I like where your thoughts are headed, with this one, but your logic doesn’t entirely line up.
- “ Work gives our lives meaning as much as it fills our wallets.” — Does it? It SHOULD, but I often see this line rolled out in support of exploitative, meaningless labour, as a kind of callback to older times, when people could take pride in their work, when they were paid reasonably, when there was some sort of identity they could hang their hat on — i.e. a baker, a construction worker, a farmer. These days, I feel that these identities, this ‘meaning’, this pride is co-opted to earn someone else a fat paycheck. See the trend in the privileged elite working on organic farms for free, or even paying for the privilege, when compared to people who have to work on farms to survive. Or the fact that any kind of job that is any way desirable, or gives ‘meaning’ to people’s lives, as being grossly underpaid and highly competitive. For the most part, most labour is meaningless, soul-crushing, mind-numbing, and is not fit for humans, which is why it’s being replaced by machines.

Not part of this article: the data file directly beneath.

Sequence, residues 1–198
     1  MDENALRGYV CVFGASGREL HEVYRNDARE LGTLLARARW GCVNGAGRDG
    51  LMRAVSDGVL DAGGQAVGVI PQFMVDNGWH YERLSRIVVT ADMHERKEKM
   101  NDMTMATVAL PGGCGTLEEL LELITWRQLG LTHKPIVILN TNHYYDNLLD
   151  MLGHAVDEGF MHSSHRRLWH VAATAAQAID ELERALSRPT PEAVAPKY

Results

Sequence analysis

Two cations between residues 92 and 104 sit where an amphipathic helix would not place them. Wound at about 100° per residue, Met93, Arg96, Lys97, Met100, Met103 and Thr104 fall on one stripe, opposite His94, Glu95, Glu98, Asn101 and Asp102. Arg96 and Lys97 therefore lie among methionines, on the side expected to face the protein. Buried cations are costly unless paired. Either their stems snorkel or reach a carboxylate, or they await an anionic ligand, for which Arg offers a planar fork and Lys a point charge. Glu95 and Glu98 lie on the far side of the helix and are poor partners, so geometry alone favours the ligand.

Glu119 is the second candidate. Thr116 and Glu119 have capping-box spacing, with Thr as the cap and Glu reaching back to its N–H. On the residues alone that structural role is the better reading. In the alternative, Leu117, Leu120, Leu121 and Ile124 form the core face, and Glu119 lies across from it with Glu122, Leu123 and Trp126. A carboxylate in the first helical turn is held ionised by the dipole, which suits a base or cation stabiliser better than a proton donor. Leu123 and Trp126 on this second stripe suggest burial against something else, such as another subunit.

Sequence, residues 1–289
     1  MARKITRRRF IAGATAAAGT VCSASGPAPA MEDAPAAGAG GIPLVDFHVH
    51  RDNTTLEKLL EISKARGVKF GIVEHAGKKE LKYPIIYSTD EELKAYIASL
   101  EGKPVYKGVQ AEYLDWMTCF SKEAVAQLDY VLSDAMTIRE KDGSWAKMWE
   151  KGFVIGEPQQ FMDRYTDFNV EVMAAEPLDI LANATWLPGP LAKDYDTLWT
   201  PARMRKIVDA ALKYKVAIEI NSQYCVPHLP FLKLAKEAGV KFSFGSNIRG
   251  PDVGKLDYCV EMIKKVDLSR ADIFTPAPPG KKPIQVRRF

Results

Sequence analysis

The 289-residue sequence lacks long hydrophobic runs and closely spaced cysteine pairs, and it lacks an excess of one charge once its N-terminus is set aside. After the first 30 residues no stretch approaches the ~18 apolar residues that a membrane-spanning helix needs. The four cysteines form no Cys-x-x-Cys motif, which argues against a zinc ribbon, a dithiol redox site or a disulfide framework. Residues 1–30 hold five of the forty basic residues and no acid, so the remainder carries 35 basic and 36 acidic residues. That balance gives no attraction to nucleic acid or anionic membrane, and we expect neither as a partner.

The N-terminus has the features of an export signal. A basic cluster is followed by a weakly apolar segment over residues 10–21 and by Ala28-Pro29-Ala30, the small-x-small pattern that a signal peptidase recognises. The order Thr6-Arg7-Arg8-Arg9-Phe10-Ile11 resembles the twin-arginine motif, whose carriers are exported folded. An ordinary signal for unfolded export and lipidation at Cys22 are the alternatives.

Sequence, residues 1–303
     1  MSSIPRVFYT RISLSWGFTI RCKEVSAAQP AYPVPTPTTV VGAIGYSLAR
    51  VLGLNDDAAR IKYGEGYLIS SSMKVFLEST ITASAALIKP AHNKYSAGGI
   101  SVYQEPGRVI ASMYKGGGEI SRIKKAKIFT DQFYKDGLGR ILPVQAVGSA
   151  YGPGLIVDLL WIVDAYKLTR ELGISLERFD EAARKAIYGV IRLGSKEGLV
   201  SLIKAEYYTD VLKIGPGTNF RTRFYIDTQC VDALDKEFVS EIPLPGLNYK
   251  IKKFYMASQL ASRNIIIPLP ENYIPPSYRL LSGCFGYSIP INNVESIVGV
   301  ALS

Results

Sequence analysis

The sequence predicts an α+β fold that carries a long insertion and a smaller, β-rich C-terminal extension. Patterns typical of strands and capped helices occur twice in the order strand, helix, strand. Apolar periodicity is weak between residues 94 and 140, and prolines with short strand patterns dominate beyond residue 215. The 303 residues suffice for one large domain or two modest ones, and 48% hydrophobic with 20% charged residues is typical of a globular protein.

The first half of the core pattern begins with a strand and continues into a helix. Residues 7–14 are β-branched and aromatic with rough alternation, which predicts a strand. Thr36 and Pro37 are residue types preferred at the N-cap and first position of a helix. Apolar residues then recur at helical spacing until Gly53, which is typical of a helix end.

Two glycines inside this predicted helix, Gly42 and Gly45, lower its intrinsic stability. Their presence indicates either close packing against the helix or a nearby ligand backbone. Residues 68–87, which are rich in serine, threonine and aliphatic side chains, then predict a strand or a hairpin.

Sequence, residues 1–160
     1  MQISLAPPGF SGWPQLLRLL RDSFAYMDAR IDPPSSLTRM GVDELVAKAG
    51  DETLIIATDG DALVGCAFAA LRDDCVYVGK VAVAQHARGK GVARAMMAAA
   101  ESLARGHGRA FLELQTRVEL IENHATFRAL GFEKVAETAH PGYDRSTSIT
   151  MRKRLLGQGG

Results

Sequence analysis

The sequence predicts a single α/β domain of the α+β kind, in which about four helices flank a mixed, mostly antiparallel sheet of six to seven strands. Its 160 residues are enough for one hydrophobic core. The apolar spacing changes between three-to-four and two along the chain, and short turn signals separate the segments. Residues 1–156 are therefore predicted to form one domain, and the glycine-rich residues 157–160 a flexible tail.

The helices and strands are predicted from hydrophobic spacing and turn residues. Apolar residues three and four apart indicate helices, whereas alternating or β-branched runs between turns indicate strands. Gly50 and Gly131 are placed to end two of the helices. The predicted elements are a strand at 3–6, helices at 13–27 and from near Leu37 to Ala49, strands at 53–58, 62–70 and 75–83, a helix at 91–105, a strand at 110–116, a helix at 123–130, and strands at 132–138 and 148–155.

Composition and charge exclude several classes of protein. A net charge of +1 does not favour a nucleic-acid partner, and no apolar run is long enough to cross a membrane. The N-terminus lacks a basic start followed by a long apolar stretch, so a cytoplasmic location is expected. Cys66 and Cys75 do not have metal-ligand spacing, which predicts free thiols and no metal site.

- “ The right thing would be for the innovation sector to think about responsible innovation and for large tech platforms to handle their power with care and algorithmic accountability.” Would it? Or might possibly the right thing be for those holding ALL OF THE MONEY to disseminate some of it instead of fighting to draw AS MUCH PROFIT AS POSSIBLE EVERY SINGLE QUARTER. That is the basis of capitalism, and always has been, and it’s COMPLETELY UNSUSTAINABLE. I feel like with all of these Austerity Programs that they’re constantly trying to misdirect from this notion, saying it’s up to us to keep making do with less, instead of the very obvious problem that less and less people hold more and more of the world’s money. THIS needs to be rectified, more so than any innovation or social platforms.